I'm not saying this is right, because in general I would prefer people to create their own materials, as it is much more authentic and interesting that way. But I have bought published campaign settings (Planescape, Dark Sun, Spelljammer, etc.) which I have played and made use of, and which have inspired me, and which I would not have come up with - certainly not as quickly or effectively as those who created them. So paying money for them was an acceptable trade off.

    2. On the art point, I don't tend to buy OSR materials, or download them either for that matter, so I don't know how good or bad the art is.

    3. And as I said before the kitchen analogy doesn't make sense for the question Im asking. It only makes sense in distinguishing between a DM using bought material and using his own material. The players for example can't fit a kitchen by themselves if they decline to pay their DM who wants to be paid to run his campaign.

      So maybe you or *anyone* could answer the question, without using analogy, why do we all agree that it is wrong for a DM to charge his players for running his campaign.

    4. I'm not sure I'd say it's "wrong," in the sense that I'd use the word "wrong" to describe stealing or vandalism, but I'd definitely call a DM charging to run his game "asinine."


      This is a game. A DM who is charging to run his campaign has turned the game into an economic transaction. This is something that people are supposed to do as a group for fun. I would argue that players contribute just as much to the game as the DM does. (I also say this as someone who vastly prefers DMing to being a player character and who DMs about 90% of the time I'm involved in a game.) Yes, the DM spends a lot of time to create the world, set up the maps, etc, but it's the players that bring that world to life. Gaming is a group effort, so why should one person in the group be compensated while everyone else is relegated to the role of customer rather than participant?

      That's just my take on it.

    5. What McWieg said, basically.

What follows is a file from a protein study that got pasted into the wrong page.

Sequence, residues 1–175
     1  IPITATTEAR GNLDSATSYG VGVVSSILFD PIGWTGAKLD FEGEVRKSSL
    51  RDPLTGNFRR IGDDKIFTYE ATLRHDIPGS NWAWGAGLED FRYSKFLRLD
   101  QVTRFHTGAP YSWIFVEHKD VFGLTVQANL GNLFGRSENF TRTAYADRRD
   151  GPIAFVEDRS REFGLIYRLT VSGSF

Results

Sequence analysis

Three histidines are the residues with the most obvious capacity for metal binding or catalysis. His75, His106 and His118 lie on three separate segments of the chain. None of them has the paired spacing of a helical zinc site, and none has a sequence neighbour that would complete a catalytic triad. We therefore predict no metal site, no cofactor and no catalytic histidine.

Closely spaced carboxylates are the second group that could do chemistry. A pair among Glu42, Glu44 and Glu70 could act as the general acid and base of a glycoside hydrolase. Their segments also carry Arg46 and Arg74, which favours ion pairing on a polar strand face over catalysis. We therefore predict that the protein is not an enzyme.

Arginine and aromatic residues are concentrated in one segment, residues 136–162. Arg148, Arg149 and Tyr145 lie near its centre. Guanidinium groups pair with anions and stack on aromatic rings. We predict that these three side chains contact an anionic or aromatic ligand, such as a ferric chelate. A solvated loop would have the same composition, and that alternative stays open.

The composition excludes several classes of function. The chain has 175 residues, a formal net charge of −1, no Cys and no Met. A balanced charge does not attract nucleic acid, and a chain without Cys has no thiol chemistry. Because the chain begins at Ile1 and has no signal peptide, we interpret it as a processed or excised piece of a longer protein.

I don't understand why it's an important question, to be honest.

    6. Well I know you don't understand because of the analogy you kept using. It's very simple.

      You claim you should be rewarded with money for time spent writing up campaign background. A DM who charged his players for doing this very thing we all agree would be regarded as an asshole. How, in your mind, does charging for his endeavour cease to be assholish when the DM decides to make his work more widely available?

      With regard to player contribution on gameday, I am talking about a DM charging for the time it takes him to create and write up the material. I am not talking about him charging for his presence on gameday so player contribution is irrelevant.

    7. No, I'm not claiming you should be rewarded with money for time spent writing up campaign background. Read my post again, paying particular attention to what I said in my last comment.

      The crucial distinction that you seem to be missing is that when a DM just creates things for his group, he is primarily doing it for his own enjoyment, and secondarily theirs. Why would he charge his players for that, seeing as he is enjoying both the creation of the material and the DMing?

      If he creates material for sale, however, he is serving a wider audience - he is distributing his ideas to strangers. And moreover, he is not getting the enjoyment of running the game for all of those groups, is he? This seems a no-brainer to me.